When it comes to localization, the importance of a high-quality final product cannot be overstated.
It may be obvious, but all reputable companies strive to produce localized products that appear indigenous to their target markets, and marketing materials that ensure a seamless launch, yet why is the importance of language quality assurance (LQA) overlooked by so many companies? After all, just one significant translation blunder can set a company back months or even years. Even the likes of Pepsi, Coca-Cola and HSBC Bank have all found out the hard way!
As time and cost pressures intensify, the likelihood of error increases as companies turn more and more to high-tech solutions to get the projects rolled-out on time and within budget – language quality review has therefore never been so important.
Here are some tips:
Protecting against errors
In the majority of cases, the final output format of a localization project will be re-engineered by non-native technical specialists. While there are compelling reasons for doing so – such as cost, efficiency and protecting the source code – it means translations are often performed with limited context other than reference materials provided by clients.
This means the final validation of the product’s interface is essential and so clients should look to make sure their localized materials undergo full testing in their final output. Whether it is conducted in-country by subject matter experts or by in-house linguistic staff from your localization agency, testing on the actual product should be conducted by native target-language testers.
A comprehensive approach
Project requirements can vary significantly, as the actual language pair being used, subject matter expertise required and any existing deadlines can all have an effect on the approach taken. When developing a comprehensive and customizable solution, the focus should always be on analyzing the root cause of any quality issues identified.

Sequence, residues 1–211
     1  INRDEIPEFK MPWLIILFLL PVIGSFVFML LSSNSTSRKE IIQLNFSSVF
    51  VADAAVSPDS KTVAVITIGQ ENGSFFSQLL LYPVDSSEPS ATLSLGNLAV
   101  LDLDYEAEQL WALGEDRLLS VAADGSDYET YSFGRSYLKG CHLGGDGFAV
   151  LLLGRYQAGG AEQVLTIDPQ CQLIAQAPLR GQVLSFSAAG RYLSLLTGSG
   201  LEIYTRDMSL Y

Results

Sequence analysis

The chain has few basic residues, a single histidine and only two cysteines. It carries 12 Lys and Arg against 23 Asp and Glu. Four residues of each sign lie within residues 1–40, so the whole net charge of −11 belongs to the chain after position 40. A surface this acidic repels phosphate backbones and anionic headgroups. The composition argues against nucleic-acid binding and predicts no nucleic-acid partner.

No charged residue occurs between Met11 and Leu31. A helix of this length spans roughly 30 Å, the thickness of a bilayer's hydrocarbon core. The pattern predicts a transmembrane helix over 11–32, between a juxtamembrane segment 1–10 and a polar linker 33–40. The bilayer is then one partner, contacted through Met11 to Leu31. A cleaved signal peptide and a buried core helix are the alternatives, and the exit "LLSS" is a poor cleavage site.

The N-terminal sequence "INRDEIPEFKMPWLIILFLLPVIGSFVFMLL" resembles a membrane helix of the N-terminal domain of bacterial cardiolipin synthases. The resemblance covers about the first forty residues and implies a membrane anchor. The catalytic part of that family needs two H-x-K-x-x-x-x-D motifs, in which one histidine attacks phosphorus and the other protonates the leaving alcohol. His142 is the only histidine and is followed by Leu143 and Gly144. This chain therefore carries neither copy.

QA tools of choice include QA distiller and XBench. Tests should be carried out on all localized deliverables, which include software, websites and multimedia, as well as checking document layout and formatting. It can be the major differentiator between a minimally localized product and a truly professional finished product. For example, just one incidence of inconsistent terminology in medical literature can have serious regulatory implications and slow down time to market.
Hire a qualified in-country reviewer
Although it is the final quality step, the same diligence is required – this is your final safety net. An in-country reviewer will not be needed for every project, but if you are using one, make sure the person has the right skills, industry knowledge and a good understanding of your brand. A few minimum standards include being a native speaker of the target language, having all round exceptional language skills, having a complete understanding of the language translation process and being a subject matter specialist for the content being translated.
Firms may be tempted to use someone in-house who has a good level of knowledge with the target language, but this will not match up to a trained expert who has working experience of in-country dialect or culture. Massive changes should not be expected at this stage of the process, and if they are suggested it’s worthwhile looking at the source content to make sure it was authored with translation in mind. This is why providing clear instructions is important at this stage – for example, you might only want a couple of pages looked at, rather than the whole document.
There will be a number of error categories in a QA report, covering areas such as accuracy, terminology, country standards and language quality. This framework will offer businesses the chance to assess the quality of the translation against previously defined metrics. The point of having such a system in place is to ensure all clients’ products and documentation have the same level of linguistic quality, regardless of the target language or complexity of the translation process.